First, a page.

Drakkith said:
The fact that the closing velocity between the missile and the ship is very, very high will make the damage MUCH more severe, but that's only because there is much more energy in the collision. For any given amount of damage done, the energy is always equal, regardless of whether the energy comes from an explosion, collision, etc.
So, the missile will still affect the ship same as any other but because of it's speed the damage it takes will be much higher?

KalStark said:
So, the missile will still affect the ship same as any other but because of it's speed the damage it takes will be much higher?

The simple answer is yes. Obviously real life is rarely simple.

KalStark said:
Nah, I guess not. At least not yet. Are you saying that since everything can be put in a different frame of reference, speed is basically a non-factor as far as my question goes -- i.e the energy required to destroy the objects is the same?
See Drakkith's post #3

phinds said:
This is a meaningless statement since all motion is relative and you have not specified a frame of reference for either one, plus the fact that you could, for example, specify a frame of reference in which one of the objects is at rest OR you could choose a frame of reference in which the other object is at rest.
I believe this statement is an unnecessary complication. Once the observer states that the objects move at different velocities.(with respect to a single reference frame: the observer's) Say a difference of 50m/s, this difference in their velocities would be constant, no matter the reference frame (unless we start considering near speed of light, which again, is unnecessary.)

abdullahi abass said:
I believe this statement is an unnecessary complication. Once the observer states that the objects move at different velocities.(with respect to a single reference frame: the observer's) Say a difference of 50m/s, this difference in their velocities would be constant, no matter the reference frame (unless we start considering near speed of light, which again, is unnecessary.)
I think you need to re-read the original problem statement, and perhaps Drakkith's post #3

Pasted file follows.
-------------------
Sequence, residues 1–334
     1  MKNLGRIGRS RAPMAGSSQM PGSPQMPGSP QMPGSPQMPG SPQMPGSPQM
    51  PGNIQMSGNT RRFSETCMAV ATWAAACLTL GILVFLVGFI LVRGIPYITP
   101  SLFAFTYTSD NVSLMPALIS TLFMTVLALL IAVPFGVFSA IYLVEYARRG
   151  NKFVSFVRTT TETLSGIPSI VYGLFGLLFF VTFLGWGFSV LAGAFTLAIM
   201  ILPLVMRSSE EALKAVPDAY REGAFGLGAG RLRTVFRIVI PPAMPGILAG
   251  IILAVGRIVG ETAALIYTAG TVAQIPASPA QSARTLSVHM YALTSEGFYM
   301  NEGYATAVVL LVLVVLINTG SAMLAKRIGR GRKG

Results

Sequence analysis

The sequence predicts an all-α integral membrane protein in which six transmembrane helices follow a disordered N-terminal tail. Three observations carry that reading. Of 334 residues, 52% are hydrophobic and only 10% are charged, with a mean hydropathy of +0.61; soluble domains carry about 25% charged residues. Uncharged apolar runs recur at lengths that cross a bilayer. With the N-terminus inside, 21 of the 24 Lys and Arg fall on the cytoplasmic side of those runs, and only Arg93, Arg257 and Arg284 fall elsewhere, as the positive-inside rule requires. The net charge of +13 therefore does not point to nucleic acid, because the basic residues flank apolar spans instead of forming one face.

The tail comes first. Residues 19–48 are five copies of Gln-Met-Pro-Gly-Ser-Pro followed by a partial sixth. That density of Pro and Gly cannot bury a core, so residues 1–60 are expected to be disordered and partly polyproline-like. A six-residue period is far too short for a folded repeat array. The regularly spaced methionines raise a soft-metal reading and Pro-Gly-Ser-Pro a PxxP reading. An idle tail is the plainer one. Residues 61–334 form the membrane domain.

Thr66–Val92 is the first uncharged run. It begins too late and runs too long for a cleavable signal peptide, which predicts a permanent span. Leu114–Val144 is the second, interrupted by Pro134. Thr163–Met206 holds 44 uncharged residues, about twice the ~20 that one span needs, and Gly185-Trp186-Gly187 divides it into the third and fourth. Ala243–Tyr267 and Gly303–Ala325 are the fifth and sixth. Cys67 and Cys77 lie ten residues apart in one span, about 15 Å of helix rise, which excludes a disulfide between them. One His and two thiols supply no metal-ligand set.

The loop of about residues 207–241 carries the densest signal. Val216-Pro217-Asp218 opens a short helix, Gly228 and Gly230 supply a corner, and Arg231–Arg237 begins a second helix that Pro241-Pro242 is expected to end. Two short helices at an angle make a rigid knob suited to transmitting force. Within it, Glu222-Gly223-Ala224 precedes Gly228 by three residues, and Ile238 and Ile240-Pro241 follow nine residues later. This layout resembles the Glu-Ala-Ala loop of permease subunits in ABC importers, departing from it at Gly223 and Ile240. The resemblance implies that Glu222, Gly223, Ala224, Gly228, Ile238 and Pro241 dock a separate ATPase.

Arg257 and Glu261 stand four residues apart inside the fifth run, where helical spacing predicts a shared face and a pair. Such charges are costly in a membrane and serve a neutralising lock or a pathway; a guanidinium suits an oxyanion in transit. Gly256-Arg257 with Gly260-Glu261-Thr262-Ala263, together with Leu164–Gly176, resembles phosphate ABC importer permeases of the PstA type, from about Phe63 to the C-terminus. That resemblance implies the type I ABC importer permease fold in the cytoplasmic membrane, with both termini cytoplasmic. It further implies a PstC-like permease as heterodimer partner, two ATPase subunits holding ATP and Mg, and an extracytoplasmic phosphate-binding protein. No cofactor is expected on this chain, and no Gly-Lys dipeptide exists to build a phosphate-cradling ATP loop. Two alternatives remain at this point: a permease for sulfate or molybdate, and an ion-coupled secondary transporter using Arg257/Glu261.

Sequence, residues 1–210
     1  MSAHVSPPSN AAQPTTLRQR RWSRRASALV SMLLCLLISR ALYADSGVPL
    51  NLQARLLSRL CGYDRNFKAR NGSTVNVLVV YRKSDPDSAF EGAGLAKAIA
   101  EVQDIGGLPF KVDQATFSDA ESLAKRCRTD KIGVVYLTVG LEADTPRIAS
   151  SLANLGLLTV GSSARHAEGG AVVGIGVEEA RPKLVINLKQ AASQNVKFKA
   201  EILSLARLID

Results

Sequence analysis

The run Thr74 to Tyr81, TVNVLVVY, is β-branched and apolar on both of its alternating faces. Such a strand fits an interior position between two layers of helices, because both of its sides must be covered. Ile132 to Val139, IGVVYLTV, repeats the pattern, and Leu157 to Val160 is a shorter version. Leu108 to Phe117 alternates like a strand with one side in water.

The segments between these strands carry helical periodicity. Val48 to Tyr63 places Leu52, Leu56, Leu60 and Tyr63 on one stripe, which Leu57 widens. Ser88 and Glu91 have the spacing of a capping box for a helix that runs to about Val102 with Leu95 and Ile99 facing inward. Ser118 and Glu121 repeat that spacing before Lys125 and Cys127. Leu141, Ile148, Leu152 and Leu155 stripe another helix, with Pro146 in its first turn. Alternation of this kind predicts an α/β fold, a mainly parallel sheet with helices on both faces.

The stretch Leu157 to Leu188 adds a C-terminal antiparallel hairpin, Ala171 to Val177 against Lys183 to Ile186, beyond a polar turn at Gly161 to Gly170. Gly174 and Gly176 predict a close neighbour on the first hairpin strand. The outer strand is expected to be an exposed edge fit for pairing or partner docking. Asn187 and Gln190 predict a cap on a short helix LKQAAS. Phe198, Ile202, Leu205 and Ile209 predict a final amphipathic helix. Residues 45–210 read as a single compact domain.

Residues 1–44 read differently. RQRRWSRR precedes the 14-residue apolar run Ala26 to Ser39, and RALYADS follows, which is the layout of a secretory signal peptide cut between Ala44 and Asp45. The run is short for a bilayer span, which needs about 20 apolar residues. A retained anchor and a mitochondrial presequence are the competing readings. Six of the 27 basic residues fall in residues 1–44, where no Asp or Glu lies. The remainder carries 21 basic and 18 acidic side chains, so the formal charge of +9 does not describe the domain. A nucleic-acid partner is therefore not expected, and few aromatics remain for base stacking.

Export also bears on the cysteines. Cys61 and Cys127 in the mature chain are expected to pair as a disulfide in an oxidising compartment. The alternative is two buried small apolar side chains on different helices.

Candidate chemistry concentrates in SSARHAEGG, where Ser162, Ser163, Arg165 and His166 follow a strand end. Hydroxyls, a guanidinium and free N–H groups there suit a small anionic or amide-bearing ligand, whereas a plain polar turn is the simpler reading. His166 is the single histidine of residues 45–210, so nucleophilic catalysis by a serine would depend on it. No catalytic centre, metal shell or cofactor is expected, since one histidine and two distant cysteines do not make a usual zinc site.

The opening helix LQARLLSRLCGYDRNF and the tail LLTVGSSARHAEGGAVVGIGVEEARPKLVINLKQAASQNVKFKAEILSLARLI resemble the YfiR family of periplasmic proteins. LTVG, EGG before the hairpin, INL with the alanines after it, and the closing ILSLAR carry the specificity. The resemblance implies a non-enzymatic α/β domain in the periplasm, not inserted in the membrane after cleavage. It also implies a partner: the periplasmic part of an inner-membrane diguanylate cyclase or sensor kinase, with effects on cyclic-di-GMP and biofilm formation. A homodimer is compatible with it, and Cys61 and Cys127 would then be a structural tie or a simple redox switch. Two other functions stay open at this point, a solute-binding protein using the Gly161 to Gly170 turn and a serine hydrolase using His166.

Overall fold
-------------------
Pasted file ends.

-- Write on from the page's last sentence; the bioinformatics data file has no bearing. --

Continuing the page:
A collision between two objects, let's name them A and B, will depend on their relative velocities, in fact it will depend on their relative speeds. This relative speed is the speed measured for B in A's inertial frame or the speed measured for A in B's intertial frame, which is the same.

The greater relative speed, the stronger impact, of course you would have to measure this relative speed just before the collision and you would have to take into account also the orientation (for example, in a car crash, a lateral impact is usually worse than a frontal impact) and probably other facts.

Hope it helps :).

## 1. What is the force required to destroy identical objects?

The force required to destroy identical objects depends on a variety of factors, including the strength and composition of the objects, the angle and direction of the force applied, and any external factors such as temperature or pressure. It is not a simple or straightforward answer, as each situation can be different.

## 2. Does the size of the object affect the force required to destroy it?

Generally, yes, the size of the object will affect the force required to destroy it. Larger objects tend to have more structural integrity and may require a greater force to break or destroy them.

## 3. Can the force required to destroy identical objects be calculated?

In some cases, the force required to destroy identical objects can be calculated using physics principles such as Newton's laws of motion. However, as mentioned earlier, there are many variables that can affect the force needed, so the calculation may not always be accurate.

## 4. Are there any materials that are particularly difficult to destroy?

Yes, there are certain materials that are known for their strength and resilience, making them difficult to destroy. For example, metals such as steel and titanium are often used in construction and engineering because of their high strength and durability.

## 5. Is it possible to destroy identical objects without using force?

In some cases, yes, it is possible to destroy identical objects without using force. This may be achieved through chemical reactions, such as dissolving an object in acid, or through natural processes such as erosion. However, these methods still involve some form of force, even if it is not a direct physical force applied by an external source.